The fire had to be stomped out before dark. Lanterns and flashlights were to be shut off. Everyone had to remain quiet until sunrise.
A quota of whittled spears and traps were to be made, every day.
Whenever Mama Rita would yell the word “invaders”, everyone laid down flat from wherever they were, and remained quiet until Mama Rita announced it was clear.
It’s just what they did, and Enrique went along with it. As long as he wasn’t in jail and had a meal to look forward to, he was happy.
Night had fallen and it was finally time to fill everyone's canteens. Enrique ran the cooled water through a tea cloth as all of the community dwellers lined up around the fire.
He gave everyone their portion of water, as Mama Rita wrapped everyone in a blanket and walked them back to their tents.
Jack showed up last after whittling nearly twenty spears. His body shivered against the chill of the pacific northwest breeze. Something Enrique himself was still trying to get used to.
“More-o, water-o, alright sonny? Did ya git that?” Enrique squinted his eyes. He had no idea what Jack said, but knew it had to be negative.
Both of them had been at each others necks for no good reason ever since Mama Rita brought Enrique to their community.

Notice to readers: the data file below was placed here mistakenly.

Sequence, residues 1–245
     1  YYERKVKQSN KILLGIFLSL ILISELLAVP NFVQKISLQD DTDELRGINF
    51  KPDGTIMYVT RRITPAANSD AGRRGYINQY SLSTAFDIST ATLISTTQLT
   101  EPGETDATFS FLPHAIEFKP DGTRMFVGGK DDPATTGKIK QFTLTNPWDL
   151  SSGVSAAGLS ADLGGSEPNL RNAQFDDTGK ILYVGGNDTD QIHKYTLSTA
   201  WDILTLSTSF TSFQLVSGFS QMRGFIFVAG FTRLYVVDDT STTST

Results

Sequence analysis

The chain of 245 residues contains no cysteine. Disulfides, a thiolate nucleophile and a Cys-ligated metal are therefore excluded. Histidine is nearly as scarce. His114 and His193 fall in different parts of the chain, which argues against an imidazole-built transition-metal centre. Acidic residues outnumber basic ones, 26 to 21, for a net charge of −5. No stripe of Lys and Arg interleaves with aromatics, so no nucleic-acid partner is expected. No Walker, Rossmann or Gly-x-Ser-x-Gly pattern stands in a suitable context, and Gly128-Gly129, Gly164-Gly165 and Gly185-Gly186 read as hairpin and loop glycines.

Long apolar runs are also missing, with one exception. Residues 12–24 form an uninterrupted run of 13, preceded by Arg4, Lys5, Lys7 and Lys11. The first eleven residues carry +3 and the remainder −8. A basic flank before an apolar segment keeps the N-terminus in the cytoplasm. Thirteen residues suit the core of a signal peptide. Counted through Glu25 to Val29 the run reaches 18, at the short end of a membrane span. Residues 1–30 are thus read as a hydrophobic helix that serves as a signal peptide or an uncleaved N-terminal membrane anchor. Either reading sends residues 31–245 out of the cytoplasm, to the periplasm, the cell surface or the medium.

“Agua, el’ pour-o, more.” Enrique squinted with even more confusion. “More ya dang wetback”, Jack impatiently barked out, as his cane whacked against Enriques shin.
Wetback, was definitely a word Enrique had known. He remembered hearing it from a gringo tourist back in his country. And a few other times from when he was fighting in the ring.
Heaps of popcorn and flying water bottles usually followed the word as it was yelled out from the crowd.
On top of that, he understood getting hit with a cane, as violence was a universal language. Instinctively, Enrique snatched Jacks cane and threw it in the river.
He then yanked Jack by his red flannel and punched his eyebrow with a swift left hook.
Enrique slipped a little on the forest debris as he swung, making his left hook not quite the devastating knockout blow it used to be. Still, Jacks frail bones dropped to the ground.
“Don’t...hit! Old man…” Enrique pointed his finger at Jack, just like his Mom used to do to him and his brothers back home. Jacks voice grew increasingly worried as he fumbled for his cane.
”Now… why’d ya go and do that… I… can’t… I… need that, sonny…” Enrique quickly regretted what he did.
Hitting an old man was one thing, but ripping away Jacks cane was like poking out somebody’s eyes. Enrique looked at the river, but saw no sign of the cane.
The tide was just strong enough and the river was just deep enough, to snatch any loose object off and into oblivion.